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Elder Law Attorney Job Description, Career as a Elder Law Attorney, Salary, Employment - Definition and Nature of the Work, Education and Training Requirements, Getting the Job

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Education and Training:— Advanced degree and certification in elder law.

Salary: Median— $102,470 annually

Employment Outlook:— Good

Attorneys who specialize in the legal requirements of the elderly are known as elder law attorneys. They act as advisors and advocates. They deal with the elderly, their families, and care givers. Their area of expertise includes wills, probate, guardianship, estate planning, and trusts. Elder law attorneys also assist in finance management, social security issues, and Medicare and Medicaid laws.

Elder law attorneys often work in tandem with other professionals who deal with aged people. Apart from advising clients about personal and health care rights, they often collaborate with the health care provider, insurance provider, and financial planner to ensure that the rights of their clients are preserved.

Education and Training Requirements

In order to become an elder law attorney, one must apply to a law school after completion of the undergraduate degree program. Candidates need to pass the Law School Admissions Test (L.S.A.T.) to gain admission in a law school accredited by the American Bar Association (ABA). On receiving the Juris Doctor degree, a candidate has to apply for approval from the ABA and the state bar association. Only some states like Maine, New York, Vermont, Virginia, Washington, and Wyoming, allow candidates to seek approval from their bars without formal law school degrees.

Lawyers wishing to specialize in elder law need to obtain certification from the Board of Certification of The National Elder Law Foundation. For this, one must practice for at least 5 years and be involved primarily in elder law for the 3 years prior to application for certification. This involvement must include at least 45 hours of legal education. The certificate is granted to those who pass a written test and produce favorable references from five attorneys dealing with elder law. This certification needs to be renewed every 5 years.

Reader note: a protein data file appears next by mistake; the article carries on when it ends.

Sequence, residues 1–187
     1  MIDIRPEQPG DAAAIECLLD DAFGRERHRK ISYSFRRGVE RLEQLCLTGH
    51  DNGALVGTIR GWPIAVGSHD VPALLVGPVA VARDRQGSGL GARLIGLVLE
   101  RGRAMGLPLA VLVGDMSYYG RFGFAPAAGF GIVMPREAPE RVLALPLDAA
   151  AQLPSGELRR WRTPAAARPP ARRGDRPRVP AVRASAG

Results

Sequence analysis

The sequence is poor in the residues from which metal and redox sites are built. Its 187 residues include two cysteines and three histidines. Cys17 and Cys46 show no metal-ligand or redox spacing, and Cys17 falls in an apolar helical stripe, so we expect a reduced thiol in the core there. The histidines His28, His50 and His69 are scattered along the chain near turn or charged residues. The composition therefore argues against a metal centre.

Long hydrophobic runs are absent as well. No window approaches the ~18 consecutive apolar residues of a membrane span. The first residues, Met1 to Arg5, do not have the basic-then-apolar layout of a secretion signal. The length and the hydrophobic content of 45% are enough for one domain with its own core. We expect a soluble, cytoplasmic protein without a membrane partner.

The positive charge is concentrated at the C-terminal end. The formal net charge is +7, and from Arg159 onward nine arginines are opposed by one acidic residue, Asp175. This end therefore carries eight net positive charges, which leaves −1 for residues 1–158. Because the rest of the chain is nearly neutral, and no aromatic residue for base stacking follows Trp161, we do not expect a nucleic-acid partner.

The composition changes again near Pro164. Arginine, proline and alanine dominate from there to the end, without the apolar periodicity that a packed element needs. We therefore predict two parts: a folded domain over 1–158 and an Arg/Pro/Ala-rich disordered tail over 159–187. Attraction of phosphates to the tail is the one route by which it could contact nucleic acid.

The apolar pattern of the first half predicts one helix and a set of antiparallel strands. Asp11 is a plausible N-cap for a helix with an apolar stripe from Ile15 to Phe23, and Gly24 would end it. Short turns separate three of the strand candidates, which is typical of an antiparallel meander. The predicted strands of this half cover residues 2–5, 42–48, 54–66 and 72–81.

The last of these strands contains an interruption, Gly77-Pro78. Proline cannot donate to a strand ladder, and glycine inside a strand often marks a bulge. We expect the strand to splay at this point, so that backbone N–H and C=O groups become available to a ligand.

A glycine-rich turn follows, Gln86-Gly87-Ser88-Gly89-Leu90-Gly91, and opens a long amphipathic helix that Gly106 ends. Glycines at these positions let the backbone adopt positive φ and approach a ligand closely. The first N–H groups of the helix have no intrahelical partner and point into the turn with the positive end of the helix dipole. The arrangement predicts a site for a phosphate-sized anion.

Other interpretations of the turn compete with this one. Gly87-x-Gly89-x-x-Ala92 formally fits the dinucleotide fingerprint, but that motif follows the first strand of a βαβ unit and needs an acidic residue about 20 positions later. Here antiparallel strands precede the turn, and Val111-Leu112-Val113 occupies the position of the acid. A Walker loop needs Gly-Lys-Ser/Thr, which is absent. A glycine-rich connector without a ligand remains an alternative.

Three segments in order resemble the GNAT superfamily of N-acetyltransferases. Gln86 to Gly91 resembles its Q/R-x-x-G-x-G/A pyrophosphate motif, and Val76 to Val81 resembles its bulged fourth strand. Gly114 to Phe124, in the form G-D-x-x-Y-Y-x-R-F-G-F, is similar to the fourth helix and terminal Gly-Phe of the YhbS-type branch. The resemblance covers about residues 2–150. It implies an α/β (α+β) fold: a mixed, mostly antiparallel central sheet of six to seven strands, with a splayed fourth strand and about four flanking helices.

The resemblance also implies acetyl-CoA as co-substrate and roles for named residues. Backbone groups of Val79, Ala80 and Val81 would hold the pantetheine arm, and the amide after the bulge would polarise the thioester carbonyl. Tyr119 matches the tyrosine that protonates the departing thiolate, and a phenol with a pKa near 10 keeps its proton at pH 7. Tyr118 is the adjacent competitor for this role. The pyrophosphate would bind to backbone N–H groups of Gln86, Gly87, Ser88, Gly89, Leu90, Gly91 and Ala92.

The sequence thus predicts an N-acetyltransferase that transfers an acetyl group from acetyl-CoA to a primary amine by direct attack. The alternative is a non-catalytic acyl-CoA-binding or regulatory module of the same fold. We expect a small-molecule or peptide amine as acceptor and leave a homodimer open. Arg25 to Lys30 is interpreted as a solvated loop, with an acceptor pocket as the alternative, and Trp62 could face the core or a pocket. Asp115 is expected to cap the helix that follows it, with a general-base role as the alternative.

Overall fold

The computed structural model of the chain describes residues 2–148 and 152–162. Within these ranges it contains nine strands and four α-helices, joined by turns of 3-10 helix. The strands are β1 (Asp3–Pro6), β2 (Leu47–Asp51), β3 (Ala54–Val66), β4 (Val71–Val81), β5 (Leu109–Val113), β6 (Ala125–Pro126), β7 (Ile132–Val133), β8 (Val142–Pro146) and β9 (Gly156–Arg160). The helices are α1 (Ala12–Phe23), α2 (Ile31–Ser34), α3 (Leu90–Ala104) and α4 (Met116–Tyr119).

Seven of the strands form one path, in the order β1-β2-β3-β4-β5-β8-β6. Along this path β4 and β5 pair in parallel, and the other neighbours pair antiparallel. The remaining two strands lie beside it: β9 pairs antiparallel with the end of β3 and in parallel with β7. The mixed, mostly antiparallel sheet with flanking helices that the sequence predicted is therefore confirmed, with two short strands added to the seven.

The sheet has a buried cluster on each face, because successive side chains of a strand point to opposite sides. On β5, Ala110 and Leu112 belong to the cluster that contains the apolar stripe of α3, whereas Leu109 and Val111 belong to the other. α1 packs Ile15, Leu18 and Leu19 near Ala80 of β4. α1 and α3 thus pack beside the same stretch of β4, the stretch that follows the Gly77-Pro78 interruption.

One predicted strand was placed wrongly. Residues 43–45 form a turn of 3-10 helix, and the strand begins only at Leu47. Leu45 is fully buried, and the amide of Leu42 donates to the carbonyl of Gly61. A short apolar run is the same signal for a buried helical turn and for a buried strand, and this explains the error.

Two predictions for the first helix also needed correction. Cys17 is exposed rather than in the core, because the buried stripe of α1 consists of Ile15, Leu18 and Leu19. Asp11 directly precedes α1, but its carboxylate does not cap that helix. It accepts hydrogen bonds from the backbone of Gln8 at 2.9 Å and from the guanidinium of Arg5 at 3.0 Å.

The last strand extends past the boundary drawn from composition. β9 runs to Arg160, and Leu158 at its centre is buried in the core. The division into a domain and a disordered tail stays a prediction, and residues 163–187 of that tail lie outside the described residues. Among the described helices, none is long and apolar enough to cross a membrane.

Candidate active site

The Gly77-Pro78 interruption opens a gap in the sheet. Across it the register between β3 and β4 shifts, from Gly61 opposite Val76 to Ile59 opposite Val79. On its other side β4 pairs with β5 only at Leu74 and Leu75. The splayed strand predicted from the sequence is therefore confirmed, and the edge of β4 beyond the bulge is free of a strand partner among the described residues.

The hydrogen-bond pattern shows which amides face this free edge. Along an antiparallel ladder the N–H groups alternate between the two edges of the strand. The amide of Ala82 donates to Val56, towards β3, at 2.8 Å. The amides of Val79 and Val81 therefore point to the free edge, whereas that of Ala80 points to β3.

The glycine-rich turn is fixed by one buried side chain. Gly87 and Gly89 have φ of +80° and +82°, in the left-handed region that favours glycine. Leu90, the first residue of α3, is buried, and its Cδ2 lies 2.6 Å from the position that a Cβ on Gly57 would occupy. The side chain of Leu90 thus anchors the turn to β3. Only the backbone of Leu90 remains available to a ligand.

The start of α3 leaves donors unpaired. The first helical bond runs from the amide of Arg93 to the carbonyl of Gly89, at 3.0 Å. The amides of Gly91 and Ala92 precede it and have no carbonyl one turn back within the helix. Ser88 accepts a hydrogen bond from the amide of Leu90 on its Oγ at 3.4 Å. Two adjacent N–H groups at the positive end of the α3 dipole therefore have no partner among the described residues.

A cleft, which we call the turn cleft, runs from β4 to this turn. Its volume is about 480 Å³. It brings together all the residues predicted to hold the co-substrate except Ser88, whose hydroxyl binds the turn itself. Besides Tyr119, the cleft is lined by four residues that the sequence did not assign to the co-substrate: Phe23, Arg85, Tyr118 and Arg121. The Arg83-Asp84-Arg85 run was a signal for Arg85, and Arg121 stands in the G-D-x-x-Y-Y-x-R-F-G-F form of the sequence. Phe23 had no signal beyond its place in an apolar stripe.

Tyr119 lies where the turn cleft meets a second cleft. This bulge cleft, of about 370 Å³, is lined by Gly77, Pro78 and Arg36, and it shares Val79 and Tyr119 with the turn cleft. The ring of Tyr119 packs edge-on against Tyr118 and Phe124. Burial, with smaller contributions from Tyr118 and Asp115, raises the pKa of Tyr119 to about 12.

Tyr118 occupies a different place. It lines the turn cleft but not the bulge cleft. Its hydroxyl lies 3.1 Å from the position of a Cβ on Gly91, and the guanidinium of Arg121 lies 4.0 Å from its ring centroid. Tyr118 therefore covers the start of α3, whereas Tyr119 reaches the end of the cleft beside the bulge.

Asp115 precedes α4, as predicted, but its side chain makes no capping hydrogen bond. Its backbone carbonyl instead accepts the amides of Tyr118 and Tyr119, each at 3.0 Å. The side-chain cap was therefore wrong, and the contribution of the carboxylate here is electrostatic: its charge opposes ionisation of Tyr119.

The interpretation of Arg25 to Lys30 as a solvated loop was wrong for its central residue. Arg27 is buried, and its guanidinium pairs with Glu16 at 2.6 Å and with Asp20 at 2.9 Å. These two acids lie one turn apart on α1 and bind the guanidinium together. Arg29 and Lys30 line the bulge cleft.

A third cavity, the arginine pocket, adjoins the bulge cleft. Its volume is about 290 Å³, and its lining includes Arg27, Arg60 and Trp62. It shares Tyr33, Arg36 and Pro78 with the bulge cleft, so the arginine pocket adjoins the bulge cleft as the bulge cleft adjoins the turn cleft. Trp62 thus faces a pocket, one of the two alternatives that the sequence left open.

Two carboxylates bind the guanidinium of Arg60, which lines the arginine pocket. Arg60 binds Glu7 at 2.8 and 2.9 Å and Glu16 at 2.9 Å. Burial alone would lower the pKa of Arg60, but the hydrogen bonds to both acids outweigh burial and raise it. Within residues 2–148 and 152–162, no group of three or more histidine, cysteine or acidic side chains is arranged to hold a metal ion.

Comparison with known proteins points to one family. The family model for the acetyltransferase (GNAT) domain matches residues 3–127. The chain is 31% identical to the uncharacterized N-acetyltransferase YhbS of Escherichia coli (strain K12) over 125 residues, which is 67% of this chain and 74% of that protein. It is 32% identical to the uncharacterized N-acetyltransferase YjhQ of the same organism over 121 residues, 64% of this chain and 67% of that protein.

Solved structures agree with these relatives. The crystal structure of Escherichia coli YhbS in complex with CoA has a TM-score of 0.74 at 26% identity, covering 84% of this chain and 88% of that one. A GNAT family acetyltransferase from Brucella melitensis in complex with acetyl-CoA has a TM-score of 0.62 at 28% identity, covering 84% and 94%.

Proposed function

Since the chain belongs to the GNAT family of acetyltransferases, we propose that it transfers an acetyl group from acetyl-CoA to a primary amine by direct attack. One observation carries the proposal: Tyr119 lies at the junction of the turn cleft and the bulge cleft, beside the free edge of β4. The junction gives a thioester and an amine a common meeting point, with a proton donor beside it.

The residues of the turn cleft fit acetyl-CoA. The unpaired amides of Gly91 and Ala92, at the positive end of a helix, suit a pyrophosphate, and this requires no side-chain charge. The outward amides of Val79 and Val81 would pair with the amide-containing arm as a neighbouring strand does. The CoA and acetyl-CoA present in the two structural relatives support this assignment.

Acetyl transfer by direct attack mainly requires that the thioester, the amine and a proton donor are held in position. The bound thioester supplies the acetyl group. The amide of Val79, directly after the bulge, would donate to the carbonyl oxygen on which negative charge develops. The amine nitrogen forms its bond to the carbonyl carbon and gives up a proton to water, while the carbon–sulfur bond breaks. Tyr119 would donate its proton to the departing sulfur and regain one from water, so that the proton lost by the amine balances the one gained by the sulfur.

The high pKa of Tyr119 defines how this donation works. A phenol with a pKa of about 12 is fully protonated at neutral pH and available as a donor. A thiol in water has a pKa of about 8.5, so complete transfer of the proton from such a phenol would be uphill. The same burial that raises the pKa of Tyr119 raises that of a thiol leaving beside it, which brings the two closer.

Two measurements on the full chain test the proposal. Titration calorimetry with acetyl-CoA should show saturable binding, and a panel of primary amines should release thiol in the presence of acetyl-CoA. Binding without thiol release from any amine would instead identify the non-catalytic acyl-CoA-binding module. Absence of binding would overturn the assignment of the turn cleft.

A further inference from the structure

Getting the Job

Lawyers usually start out as associates and work under experienced lawyers and judges. They may also get into partnerships with firms specializing in elder law. Openings for such positions are often advertised in newspapers. A large number of websites also offer information on employment opportunities for elder law attorneys. It is advisable to first get in touch with a local lawyer or business and start as an apprentice. Better job opportunities are easier to come by once one has gained substantial experience.

Advancement Possibilities and Employment Outlook

Attorneys begin their careers as associates of established lawyers or judges, and gradually become partners of firms or set up their own private practices. Alternatively, elder law attorneys join the legal team of for-profit or non-profit corporations. In such organizations, lawyers can work up to administrative and managerial positions. Elder law attorneys also work as government lawyers. They may even become instructors at law schools.

Employment opportunities for elder law attorneys are expected to grow by 11% in the next few years. The prospects for attorneys of elder law should improve because the proportion of older people in the population is increasing and Medicare and Medicaid issues are becoming more complicated.

Working Conditions

Like other lawyers, elder law attorneys work in offices, libraries, and courts. They often meet their clients in their homes. They may even be required to visit clients at hospitals or in prisons.

Elder law attorneys often have to work for long hours, especially when their cases are being tried in court. Those who hold salaried positions enjoy structured work schedules. However, long and irregular hours are very common. In fact, more than 35% of elder law attorneys put in above 50 hours per week. Preparation of briefs often involves time consuming research and interviews.

Where to Go for More Information

National Elder Law Foundation
6336 N. Oracle Rd., Ste. 326, #136,
Tucson, AZ 85704
http://www.nelf.org/

American Bar Association
321 North Clark St., Chicago, IL 60610.
http://www.abanet.org

National Association for Law Placement
1025 Connecticut Ave. NW, Suite 1110, Washington, DC 20036.
http://www.nalp.org

National Academy of Elder Law Attorneys
1577 Spring Hill Road, Suite 220
Vienna, VA 22182
http://www.naela.com/

Elder Law Journal
http://home.law.uiuc.edu/elderlaw/

Salary, Earnings and Benefits

According to the statistics of 2009, the median salary of elder law attorneys is $51,000 per year. Starting salaries are generally in the range of $30,000 to $40,000 per year, but with experience, elder law attorneys can earn as much as $110,000 every year.

Salaried attorneys enjoy paid leaves, health and life insurance, and pensions comparable with benefits offered to employees in other industries. Attorneys who operate independently do not have access to such perks.

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